Methodologies for Interim Monitoring of Clinical Trials: Dr. Evans and colleagues introduced use of prediction for data monitoring of clinical trials and as a valuable tool for DSMBs (Evans et.al., DIJ, 2007; Li et.al., Stat in Biopharm Res, 2009). The methods are the foundation for the commercial software EAST PREDICT.
Goodness of Fit Tests: Many studies utilize binary outcomes, e.g., success vs. failure. Often clusters of correlated observations arise through repeated measurements or other mechanisms (e.g., measurements on people within the same family). Logistic regression models utilizing generalized estimating equations and mixed/random-effects evaluate outcomes accounting for the correlation. I developed goodness-of-fit tests in logistic mixed/random-effects models and logistics GEE models (Evans, et.al. Comm in Stat, 2004a; Evans, et.al. Comm in Stat, 2004b; Evans et.al. Stat in Med, 2005). The methods are now widely applied.
Educational and Guidance Contributions: Professor Evans has published educational papers for medical researchers on important statistical concepts. For example, comparisons of protocol-defined to published endpoints revealed that many trials have changed endpoints. Dr. Evans developed guiding principles for modification to trial endpoints after trial initiation (Evans SR. PLOS Clinical Trials, 2007). He and colleagues have recently published papers: (1) describing issues in the selection of the analysis population in anti-infective clinical trials, (2) evaluating whether non-randomized controls can be used to evaluate anti-infective drugs in the resistant-pathogen setting (Evans et.al., Stat Comm in Inf Dis, 2017), (3) discussing adaptive clinical trial designs in healthcare epidemiology research (Huskins et.al., CID. 2017), (4) discussing methods and issues in studies of CRE (Evans, et.al., Virulence, 2016), and (5) describing alternatives for event-time data analyses that are more robust than standard methods (Uno et.al., Annals of Internal Medicine, 2015).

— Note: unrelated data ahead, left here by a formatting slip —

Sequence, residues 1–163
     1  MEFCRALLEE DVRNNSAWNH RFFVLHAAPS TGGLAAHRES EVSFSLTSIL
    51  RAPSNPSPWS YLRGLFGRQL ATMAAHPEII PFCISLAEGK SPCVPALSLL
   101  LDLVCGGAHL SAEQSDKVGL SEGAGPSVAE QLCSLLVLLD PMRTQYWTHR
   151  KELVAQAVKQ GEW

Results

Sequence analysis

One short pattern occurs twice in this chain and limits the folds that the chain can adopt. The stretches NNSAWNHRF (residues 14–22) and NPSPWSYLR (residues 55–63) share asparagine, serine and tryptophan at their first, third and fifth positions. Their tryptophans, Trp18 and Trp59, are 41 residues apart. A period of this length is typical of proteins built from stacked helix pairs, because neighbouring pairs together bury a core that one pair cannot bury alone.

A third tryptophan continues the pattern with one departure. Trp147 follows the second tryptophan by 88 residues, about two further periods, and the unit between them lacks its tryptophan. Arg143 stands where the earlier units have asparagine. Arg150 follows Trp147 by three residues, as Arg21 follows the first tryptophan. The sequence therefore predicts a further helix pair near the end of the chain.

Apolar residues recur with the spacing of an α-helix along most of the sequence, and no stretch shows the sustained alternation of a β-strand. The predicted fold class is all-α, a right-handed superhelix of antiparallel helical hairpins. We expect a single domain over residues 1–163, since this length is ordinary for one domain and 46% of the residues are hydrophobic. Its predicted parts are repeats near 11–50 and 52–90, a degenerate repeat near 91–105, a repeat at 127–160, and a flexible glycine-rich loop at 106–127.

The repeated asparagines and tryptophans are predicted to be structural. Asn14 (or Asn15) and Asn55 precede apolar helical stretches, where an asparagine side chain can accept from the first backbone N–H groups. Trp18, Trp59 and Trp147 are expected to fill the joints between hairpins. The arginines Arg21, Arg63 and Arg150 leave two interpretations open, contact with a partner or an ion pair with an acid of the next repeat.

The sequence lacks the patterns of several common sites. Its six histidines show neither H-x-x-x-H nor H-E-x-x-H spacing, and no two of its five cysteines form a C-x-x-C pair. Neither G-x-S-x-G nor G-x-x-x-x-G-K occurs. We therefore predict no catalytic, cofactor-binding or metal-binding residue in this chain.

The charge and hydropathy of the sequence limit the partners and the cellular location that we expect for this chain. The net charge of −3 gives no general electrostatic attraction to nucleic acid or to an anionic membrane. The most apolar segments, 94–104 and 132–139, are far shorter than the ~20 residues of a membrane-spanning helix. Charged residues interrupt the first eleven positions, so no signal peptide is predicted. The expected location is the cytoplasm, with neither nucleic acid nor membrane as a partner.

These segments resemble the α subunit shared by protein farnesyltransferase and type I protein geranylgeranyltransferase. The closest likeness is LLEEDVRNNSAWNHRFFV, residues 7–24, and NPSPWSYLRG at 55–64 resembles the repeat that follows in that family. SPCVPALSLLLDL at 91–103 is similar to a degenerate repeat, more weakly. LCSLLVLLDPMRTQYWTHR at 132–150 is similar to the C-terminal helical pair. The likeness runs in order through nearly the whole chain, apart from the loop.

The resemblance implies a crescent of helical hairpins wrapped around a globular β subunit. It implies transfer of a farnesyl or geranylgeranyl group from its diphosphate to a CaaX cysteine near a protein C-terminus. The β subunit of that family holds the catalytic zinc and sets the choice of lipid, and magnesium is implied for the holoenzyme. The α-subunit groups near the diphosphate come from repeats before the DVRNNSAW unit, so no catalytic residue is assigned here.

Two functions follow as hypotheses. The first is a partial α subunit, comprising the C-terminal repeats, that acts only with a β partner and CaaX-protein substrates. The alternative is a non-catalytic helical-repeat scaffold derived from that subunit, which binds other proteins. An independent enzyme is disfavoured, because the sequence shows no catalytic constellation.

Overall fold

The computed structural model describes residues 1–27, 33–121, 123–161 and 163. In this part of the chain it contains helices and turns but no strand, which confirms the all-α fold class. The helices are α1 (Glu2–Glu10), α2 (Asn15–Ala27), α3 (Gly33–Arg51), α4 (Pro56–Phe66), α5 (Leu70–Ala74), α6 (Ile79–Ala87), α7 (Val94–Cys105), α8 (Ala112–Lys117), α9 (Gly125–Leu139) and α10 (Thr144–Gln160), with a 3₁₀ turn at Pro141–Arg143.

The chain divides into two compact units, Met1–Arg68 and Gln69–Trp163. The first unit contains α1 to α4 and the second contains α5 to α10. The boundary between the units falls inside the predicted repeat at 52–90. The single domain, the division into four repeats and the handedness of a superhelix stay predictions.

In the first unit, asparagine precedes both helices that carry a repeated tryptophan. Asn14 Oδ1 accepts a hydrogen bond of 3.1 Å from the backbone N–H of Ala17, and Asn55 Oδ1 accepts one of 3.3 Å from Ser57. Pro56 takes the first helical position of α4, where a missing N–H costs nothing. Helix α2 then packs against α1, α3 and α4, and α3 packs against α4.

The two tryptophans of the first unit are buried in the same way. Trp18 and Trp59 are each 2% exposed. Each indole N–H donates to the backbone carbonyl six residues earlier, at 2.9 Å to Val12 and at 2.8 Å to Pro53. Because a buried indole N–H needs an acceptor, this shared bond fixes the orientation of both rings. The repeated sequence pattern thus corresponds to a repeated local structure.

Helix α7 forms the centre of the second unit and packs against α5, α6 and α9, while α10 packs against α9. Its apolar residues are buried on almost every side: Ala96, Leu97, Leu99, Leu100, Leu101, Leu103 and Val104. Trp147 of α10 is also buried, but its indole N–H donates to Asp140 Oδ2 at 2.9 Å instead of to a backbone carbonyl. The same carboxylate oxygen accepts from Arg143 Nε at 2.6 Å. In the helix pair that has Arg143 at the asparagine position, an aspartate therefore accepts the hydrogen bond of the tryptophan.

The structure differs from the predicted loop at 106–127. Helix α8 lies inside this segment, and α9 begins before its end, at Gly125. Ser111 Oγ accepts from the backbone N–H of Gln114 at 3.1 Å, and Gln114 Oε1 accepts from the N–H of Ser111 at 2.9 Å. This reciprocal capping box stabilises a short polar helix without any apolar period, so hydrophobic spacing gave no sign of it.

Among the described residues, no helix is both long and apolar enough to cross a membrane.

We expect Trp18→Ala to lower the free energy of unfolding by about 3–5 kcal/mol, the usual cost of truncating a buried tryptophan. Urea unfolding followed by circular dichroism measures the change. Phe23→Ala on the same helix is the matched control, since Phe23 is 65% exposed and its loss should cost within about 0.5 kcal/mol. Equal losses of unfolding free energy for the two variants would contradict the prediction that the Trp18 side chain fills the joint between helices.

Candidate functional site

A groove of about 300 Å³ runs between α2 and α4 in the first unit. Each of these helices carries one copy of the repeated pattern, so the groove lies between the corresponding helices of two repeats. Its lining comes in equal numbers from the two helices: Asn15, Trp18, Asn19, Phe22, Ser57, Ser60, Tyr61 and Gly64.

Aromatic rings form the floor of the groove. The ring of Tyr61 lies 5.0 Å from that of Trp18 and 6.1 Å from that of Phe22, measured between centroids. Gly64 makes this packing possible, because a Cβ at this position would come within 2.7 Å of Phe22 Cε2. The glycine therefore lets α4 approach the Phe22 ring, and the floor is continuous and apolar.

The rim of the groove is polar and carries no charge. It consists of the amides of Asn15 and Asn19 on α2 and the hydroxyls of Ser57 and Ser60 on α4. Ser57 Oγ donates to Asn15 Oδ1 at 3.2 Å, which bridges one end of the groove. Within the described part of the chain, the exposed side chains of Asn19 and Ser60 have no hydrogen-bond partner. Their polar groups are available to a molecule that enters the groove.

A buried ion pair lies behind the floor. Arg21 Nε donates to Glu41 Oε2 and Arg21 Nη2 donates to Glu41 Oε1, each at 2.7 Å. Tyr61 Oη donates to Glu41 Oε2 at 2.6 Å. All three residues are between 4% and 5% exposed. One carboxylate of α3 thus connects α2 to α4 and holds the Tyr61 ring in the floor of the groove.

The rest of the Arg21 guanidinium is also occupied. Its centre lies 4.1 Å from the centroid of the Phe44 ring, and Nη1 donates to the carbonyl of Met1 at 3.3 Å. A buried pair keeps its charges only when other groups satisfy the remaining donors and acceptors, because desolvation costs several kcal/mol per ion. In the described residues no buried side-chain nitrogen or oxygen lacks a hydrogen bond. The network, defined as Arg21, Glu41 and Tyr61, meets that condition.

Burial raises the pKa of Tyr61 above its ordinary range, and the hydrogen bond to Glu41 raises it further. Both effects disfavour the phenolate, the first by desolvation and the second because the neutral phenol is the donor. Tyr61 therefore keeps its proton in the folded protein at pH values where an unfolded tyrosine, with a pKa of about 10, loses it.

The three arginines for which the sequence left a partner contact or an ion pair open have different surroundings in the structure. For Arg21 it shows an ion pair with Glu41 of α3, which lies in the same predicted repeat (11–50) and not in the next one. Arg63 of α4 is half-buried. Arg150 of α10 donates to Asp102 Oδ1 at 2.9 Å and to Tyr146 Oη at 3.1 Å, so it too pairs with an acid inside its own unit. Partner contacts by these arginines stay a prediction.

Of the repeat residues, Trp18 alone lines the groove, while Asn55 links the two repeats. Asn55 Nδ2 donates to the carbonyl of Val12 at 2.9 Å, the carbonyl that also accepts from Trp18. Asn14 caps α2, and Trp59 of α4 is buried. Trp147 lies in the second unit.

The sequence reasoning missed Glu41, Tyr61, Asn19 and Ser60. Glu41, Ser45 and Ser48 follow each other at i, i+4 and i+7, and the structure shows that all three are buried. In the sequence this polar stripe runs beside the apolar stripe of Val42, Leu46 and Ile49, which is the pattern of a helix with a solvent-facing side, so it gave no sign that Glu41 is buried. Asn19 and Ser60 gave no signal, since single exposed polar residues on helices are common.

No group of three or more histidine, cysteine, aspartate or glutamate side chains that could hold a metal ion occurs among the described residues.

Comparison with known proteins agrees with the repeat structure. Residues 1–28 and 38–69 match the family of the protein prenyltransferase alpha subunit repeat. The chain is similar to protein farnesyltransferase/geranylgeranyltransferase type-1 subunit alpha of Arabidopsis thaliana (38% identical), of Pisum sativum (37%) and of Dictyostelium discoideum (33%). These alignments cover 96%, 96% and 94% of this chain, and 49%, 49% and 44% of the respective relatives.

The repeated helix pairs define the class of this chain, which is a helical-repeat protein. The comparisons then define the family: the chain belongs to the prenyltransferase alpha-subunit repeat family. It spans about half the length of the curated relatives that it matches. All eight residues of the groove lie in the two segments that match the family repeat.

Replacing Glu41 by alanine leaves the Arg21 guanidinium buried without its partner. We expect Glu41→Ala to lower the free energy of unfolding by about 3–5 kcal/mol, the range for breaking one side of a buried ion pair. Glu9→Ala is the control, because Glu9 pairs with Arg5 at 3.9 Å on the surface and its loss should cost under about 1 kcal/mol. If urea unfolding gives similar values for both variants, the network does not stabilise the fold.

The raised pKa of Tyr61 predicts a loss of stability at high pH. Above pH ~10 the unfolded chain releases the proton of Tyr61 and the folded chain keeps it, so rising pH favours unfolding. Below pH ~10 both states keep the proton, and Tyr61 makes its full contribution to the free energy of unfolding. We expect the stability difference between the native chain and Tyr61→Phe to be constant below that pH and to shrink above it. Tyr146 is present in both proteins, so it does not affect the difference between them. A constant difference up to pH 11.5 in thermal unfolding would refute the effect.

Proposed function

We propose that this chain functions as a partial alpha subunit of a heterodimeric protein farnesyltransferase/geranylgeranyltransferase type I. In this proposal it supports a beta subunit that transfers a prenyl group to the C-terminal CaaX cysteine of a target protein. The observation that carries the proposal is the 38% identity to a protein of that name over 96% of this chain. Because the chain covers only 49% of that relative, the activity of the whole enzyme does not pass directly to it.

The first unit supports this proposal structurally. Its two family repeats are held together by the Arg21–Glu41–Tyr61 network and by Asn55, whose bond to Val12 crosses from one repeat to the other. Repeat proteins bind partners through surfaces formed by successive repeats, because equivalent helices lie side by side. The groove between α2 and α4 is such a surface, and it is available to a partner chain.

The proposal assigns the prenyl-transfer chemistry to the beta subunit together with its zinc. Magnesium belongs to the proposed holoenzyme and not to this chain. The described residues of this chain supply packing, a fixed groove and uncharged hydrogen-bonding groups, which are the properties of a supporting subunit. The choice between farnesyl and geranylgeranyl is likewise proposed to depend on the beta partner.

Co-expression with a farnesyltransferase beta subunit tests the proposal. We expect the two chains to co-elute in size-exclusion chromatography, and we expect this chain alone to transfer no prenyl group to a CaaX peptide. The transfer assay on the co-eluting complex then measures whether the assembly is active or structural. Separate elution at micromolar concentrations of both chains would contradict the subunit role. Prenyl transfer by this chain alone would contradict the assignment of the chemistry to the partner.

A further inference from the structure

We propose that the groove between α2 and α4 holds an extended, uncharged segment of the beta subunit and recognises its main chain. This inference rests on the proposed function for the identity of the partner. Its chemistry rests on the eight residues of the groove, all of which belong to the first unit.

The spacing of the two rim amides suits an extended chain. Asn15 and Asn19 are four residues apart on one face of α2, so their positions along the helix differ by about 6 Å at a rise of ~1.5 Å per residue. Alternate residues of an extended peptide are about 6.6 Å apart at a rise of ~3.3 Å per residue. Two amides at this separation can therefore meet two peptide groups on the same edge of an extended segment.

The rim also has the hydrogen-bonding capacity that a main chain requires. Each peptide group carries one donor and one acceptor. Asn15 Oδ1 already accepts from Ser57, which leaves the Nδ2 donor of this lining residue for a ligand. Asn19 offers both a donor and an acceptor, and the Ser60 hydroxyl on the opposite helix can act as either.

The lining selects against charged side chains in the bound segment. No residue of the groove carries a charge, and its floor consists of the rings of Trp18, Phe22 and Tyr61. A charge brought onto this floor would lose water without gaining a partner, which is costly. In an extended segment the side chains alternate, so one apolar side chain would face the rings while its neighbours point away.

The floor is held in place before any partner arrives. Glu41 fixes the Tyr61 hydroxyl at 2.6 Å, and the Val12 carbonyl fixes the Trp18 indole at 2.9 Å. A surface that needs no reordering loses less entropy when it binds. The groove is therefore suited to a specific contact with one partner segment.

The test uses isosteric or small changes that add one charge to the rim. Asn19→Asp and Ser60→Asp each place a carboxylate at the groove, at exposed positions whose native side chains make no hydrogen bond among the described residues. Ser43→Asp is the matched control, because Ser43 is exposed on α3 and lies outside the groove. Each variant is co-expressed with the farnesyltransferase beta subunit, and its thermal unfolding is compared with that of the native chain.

Professor Evans has authored three books including a textbook on clinical trials, Fundamentals for New Clinical Trialists (2016). Two statistical methodology books were co-authored with colleagues based on a series of papers from our research group: (1) Sample Size Determination in Clinical Trials with Multiple Endpoints (2015), and (2) Group-Sequential Clinical Trials with Multiple Co-Objectives (2016).
Interviews of Professor and his work can be found here:
- How can Novel Statistical Methods Tackle Antibiotic Resistance? Interview with Scott Evans. Cytel Blog. http://www.cytel.com/blog/novel-statistics-antibiotic-resistance-scott-evans. 2017.
- Q&A with Scott Evans, CAHNCE Executive Editor. American Statistical Association. http://www.amstat.org/ASA/Publications/Q-and-As/Scott-Evans.aspx.
- Outsmarting Superbugs. Plymouth Magazine. https://www.plymouth.edu/magazine/alumni-green/outsmarting-superbugs/. 2016.
- Superbugs: An Epidemic Begins. Harvard Magazine. http://harvardmagazine.com/2014/05/superbug. 2014.
Sites of Note
Statistical Communications in Infectious Diseases
Fundamental Concepts for New Clinical Trialists
Sample Size Determination in Clinical Trials with Multiple Endpoints
Group-Sequential Clinical Trials with Multiple Co-Objectives